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Municipal Council Report Card 1% Gives An “A”

Municipal elections are being held across the province of Ontario on October 25, 2010. In this election you will be voting for the offices of Mayor, Regional Councillor, Local Councillor and School Board Trustees. Our government has a responsibility to serve communities; our collective responsibility is to ensure that they do it well. As readers and subscribers to this newsletter, we are champions of diversity and inclusion. Actively participating in the democratic process, and promoting opportunities to share power with people who haven’t shared in it in the past, is our collective responsibility.

To successfully effect change in Durham Region, engagement and empowerment need to become part of our daily thinking. A key element is the duty to promote democracy and a better understanding of, and involvement with, the local democratic process. Municipal elections matter. They give local people a chance to understand the issues, to debate them with politicians and express their views. This process helps all of us understand the trade-offs and constraints that public bodies are operating in.

We all need to “own” what’s going on, and get actively involved. This October we are entrusted with the ultimate power. To send a message to potential leaders of our community about what we want to see on the political agenda. It is through engagement of the electorate that our politicians learn what’s important to you the tax payer.

Public officials have the opportunity to improve local living conditions by maintaining sound policies. These policies then enable our officials to address local needs, such as housing, infrastructure, education and health, ensuring that no-one gets left behind.

Marginalized groups have not historically participated equally in civic life, leaving them on the fringe of the economic and political influence. The issue of exclusion will not be resolved by the social service sector, government or “the system” alone. To manage sustaining change, everyone in the community must get involved, and speak up about what matters to them.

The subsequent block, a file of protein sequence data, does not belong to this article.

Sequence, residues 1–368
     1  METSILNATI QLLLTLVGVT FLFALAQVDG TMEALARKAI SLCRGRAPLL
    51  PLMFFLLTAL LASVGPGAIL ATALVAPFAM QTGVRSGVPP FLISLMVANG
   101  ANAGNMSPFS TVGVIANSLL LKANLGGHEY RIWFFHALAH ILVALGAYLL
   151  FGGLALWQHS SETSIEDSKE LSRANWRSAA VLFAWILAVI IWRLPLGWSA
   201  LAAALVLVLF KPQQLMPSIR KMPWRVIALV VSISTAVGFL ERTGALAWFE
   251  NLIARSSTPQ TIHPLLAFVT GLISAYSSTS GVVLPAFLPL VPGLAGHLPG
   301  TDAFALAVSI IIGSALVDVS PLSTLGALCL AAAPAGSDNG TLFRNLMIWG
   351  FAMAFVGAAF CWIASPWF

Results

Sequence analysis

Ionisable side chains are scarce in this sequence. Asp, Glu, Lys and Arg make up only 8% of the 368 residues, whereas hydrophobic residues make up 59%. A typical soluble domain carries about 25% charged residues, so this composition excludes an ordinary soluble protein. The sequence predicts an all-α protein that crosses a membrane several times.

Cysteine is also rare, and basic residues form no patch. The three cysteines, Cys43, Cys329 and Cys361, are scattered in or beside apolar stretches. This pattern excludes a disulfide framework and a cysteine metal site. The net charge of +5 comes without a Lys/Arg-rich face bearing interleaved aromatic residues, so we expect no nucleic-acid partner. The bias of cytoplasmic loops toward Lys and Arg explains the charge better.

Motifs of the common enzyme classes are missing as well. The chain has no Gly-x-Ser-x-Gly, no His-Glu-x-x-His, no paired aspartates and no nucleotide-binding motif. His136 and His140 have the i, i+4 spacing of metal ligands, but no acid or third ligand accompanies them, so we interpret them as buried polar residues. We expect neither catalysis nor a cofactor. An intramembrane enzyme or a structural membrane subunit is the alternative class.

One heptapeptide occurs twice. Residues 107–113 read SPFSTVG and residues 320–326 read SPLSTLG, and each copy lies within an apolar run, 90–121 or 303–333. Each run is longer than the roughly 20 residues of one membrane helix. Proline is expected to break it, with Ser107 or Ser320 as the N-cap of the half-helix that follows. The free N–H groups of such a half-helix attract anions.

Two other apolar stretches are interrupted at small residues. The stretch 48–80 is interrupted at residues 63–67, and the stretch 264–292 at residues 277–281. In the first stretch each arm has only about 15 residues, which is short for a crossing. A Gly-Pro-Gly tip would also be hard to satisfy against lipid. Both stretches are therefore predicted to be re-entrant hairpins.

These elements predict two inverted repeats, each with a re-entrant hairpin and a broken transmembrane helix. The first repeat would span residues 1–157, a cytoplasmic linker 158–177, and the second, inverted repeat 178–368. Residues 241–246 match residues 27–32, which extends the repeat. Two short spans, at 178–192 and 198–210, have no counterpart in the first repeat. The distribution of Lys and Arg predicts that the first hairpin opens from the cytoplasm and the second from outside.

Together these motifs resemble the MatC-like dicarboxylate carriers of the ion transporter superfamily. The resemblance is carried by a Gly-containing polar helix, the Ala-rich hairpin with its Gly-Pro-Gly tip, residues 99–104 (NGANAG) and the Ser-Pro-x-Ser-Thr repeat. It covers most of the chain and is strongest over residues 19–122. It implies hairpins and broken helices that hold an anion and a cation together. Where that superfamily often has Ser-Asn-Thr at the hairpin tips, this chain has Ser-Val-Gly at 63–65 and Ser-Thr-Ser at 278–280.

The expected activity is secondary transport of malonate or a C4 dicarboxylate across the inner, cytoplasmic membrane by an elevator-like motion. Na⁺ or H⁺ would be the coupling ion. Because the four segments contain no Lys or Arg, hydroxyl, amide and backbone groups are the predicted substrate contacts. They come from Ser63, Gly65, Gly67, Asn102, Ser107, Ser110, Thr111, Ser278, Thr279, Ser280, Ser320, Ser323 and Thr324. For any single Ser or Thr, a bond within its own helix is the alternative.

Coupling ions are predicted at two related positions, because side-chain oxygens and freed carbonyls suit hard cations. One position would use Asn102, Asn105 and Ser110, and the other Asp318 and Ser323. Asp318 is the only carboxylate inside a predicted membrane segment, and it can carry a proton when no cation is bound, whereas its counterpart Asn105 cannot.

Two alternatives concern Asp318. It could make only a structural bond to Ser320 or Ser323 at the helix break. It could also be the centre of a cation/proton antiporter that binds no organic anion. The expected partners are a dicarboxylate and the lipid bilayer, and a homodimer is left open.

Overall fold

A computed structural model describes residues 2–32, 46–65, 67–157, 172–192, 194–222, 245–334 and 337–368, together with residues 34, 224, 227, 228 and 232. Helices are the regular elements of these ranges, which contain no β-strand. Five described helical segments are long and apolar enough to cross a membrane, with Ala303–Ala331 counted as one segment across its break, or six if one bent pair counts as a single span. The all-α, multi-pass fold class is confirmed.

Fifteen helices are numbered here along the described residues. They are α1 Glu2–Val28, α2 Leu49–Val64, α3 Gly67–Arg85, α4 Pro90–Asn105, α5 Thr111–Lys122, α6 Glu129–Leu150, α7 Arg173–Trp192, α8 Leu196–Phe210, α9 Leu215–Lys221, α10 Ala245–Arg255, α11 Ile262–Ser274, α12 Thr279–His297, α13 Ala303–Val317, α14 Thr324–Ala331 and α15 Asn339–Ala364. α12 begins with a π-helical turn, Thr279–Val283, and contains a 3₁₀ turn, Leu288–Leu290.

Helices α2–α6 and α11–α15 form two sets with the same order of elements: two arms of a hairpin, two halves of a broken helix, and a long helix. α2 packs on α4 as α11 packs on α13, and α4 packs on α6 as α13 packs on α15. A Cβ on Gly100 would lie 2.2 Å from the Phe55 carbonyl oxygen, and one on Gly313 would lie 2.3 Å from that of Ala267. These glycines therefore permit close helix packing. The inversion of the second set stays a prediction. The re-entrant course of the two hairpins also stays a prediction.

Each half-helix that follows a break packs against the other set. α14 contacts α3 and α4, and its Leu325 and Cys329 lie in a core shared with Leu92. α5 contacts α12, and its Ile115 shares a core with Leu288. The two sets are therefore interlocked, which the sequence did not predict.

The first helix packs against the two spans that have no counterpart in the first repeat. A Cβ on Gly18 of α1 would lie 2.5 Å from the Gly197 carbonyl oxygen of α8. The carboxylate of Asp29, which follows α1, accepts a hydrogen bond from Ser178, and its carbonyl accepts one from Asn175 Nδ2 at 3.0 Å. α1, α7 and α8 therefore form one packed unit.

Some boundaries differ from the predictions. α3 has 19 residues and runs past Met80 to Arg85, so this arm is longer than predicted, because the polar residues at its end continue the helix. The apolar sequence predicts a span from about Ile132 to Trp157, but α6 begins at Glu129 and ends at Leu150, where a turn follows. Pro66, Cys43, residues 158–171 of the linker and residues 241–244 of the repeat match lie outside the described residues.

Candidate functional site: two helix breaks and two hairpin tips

The right to vote is a right those who came before us fought hard for, and a right some residents traversed the globe to acquire. This October let’s remember our responsibility to vote and, in doing so, make for a better community!

This past September businesses were invited to grade municipal council on values, vision, communication, decision making and attitude. The results were compiled from a report card that was designed by consultants from Municipal World. Municipal World is the oldest continuously published monthly municipal magazine in the world. Founded in 1891, the magazine is devoted to promoting effective municipal government.

—————————A        B         C         D      Don’t Know——————
Values                       1%    15%    40%    31%    13%
Vision                        2%    18%    13%    17%    50%       
Communication          2%    13%    36%    26%    23%   
Decision Making        12%    28%    45%    15%               
Attitude                      3%    21%    28%    29%    19%
Expertise                    1%    14%    31%    36%    18%   

2010 Average Score    1%    16%    29%    31%    23%   

A- Excellent  B- Good  C- Fair  D- Poor

Overall 1% of respondents gave Council an A, while 29% gave them a C and 31% a D.
26% of respondents gave Council a D for communication – while 23% of respondents didn’t know if council used plain language in motions, by-laws, notices and debate, and prompt followed-up of complaints. 45% gave Council a D in decision-making which reflects evidence-based decision making, councillors’ support of best practices in issues like road maintenance and economic development and council’s delivery of defendable decisions in a timely fashion.

50% of respondents didn’t know if the City had a Vision which includes the strategic planning process and the City Official plan.

In the area of attitude Council earned a D from 29% of respondents. Attitude reflects such issues as treating staff with respect, making the public feel welcome at meetings, respectful attitude shown toward delegations and councillors communicating with business on a regular basis.

. “As the voice of business, the Chamber encourages members of our business community and all citizens of Oshawa to understand the issues that will shape our future,” says General Manager and C.E.O. Bob Malcolmson. “Be informed and make sure you vote.”